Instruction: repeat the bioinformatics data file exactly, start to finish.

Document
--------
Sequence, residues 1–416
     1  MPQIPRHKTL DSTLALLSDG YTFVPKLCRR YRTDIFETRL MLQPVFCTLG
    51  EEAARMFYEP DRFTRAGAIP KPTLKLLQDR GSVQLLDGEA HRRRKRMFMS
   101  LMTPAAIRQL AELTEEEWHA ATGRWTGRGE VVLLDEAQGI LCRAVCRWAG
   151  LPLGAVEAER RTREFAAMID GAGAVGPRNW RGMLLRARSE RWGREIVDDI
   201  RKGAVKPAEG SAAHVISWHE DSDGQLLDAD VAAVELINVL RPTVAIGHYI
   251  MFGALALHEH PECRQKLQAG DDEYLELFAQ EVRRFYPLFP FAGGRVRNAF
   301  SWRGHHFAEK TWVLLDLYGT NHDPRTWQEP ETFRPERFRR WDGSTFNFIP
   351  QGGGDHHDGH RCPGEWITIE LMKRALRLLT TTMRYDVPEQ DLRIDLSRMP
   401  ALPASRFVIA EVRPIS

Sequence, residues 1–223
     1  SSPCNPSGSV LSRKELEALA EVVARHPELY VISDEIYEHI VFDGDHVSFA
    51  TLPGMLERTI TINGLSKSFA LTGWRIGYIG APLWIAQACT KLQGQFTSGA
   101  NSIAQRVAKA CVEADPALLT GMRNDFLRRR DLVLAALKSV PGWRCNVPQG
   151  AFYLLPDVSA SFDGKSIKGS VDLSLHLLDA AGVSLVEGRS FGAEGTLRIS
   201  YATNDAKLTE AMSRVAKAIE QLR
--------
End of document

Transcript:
Sequence, residues 1–416
     1  MPQIPRHKTL DSTLALLSDG YTFVPKLCRR YRTDIFETRL MLQPVFCTLG
    51  EEAARMFYEP DRFTRAGAIP KPTLKLLQDR GSVQLLDGEA HRRRKRMFMS
   101  LMTPAAIRQL AELTEEEWHA ATGRWTGRGE VVLLDEAQGI LCRAVCRWAG
   151  LPLGAVEAER RTREFAAMID GAGAVGPRNW RGMLLRARSE RWGREIVDDI
   201  RKGAVKPAEG SAAHVISWHE DSDGQLLDAD VAAVELINVL RPTVAIGHYI
   251  MFGALALHEH PECRQKLQAG DDEYLELFAQ EVRRFYPLFP FAGGRVRNAF
   301  SWRGHHFAEK TWVLLDLYGT NHDPRTWQEP ETFRPERFRR WDGSTFNFIP
   351  QGGGDHHDGH RCPGEWITIE LMKRALRLLT TTMRYDVPEQ DLRIDLSRMP
   401  ALPASRFVIA EVRPIS

Sequence, residues 1–223
     1  SSPCNPSGSV LSRKELEALA EVVARHPELY VISDEIYEHI VFDGDHVSFA
    51  TLPGMLERTI TINGLSKSFA LTGWRIGYIG APLWIAQACT KLQGQFTSGA
   101  NSIAQRVAKA CVEADPALLT GMRNDFLRRR DLVLAALKSV PGWRCNVPQG
   151  AFYLLPDVSA SFDGKSIKGS VDLSLHLLDA AGVSLVEGRS FGAEGTLRIS
   201  YATNDAKLTE AMSRVAKAIE QLR